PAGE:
She’d brought her friend with her for company, and after each round of drawings the two of them would walk around to see everyone’s work. I’ve heard a number of models say that that’s the “fun part”, and I always groan inwardly when people make their way over when I’m less than pleased with what I did.
After the end of a drawing, I’m often sitting back in my chair, or on the edge of stool, and staring pointedly at the paper while blinking slowly… just sorta… digesting what went well, and what didn’t.
I looked back at one point, having stood up, and saw the new girl behind me, slightly hunched forward, mouth open, and smiling from ear to ear.
“That’s amazing!”, she said.
“I guess it did turn out… okay.”
I scratched face, not knowing what else to add.
I’d used some obscure purple colored pencil I had near the end of drawing to outline everything.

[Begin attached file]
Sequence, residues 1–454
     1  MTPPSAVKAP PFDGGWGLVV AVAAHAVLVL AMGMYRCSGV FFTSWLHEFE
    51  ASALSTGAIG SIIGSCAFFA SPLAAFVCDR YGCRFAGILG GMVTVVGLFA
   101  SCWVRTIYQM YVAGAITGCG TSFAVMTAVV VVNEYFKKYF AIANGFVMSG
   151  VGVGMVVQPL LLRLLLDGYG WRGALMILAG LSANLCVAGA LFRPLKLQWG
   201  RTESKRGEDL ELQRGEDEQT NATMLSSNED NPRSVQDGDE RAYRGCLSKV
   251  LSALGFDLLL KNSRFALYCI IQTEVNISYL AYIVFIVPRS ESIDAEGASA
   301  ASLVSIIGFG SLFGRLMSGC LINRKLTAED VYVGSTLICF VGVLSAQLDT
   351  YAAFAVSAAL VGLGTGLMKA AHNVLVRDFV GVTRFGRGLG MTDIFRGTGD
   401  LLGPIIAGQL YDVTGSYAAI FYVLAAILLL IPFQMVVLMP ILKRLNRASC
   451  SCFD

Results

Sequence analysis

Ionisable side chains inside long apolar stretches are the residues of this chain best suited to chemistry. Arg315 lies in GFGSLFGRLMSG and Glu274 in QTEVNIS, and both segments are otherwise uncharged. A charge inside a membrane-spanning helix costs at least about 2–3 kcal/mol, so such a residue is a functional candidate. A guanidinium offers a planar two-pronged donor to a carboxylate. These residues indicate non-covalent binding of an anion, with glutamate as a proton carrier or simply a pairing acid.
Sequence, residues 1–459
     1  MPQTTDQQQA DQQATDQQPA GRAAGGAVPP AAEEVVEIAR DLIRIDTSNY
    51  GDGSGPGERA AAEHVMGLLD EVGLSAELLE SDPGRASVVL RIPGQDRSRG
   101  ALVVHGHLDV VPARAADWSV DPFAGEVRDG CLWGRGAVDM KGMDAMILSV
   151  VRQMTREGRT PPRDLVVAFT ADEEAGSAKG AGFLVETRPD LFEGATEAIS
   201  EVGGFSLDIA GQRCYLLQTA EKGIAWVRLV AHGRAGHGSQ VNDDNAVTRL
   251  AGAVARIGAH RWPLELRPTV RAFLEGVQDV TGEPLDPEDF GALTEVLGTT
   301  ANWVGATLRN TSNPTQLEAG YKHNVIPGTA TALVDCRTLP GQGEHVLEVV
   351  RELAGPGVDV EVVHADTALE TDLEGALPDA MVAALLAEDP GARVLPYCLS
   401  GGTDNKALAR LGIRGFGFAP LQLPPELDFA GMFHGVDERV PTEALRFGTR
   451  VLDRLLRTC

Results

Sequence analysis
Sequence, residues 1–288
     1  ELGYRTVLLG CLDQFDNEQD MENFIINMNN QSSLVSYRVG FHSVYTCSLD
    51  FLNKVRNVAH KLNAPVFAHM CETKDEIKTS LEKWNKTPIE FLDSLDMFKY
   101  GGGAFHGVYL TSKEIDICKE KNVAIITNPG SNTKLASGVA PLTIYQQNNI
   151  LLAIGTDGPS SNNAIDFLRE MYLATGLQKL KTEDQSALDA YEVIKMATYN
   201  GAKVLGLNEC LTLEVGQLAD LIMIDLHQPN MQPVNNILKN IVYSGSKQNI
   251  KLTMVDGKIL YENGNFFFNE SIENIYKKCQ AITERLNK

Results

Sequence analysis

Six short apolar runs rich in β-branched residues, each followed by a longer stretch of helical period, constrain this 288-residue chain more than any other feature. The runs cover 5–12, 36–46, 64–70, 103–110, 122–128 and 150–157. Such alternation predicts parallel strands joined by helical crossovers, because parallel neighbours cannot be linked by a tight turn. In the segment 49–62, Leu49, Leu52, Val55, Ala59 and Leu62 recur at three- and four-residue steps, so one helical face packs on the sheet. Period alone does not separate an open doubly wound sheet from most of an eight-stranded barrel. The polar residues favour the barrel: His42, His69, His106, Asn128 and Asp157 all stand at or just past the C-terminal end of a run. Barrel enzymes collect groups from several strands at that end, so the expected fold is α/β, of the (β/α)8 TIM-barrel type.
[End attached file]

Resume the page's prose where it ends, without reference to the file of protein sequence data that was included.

Because, well, why the fuck not?
I hadn’t been too sold on anything else about the drawing, and throwing some color in there seemed… fun? Different?
Again, seeing her smile reminded me how seriously I tend to take my work, and how much… polish that I expect of everything.
It’s honestly a relief when each drawing is over, despite whether they turn out bad or good. Working in isolation, you don’t get feedback unless you choose to seek it out.
Therefore, getting feedback unexpectedly is occasionally refreshing.
Because it’s like “Well, they don’t think it sucks. Yay?”
Kind of a partial win… in my book.
Young artists quickly realize that drawing the human form, convincingly, takes careful study, practice and patience. Some realize they’re fine with less-than-realistic work, and fork away from the pursuit. Others stick with it a little longer, and some even choose to make it their focus.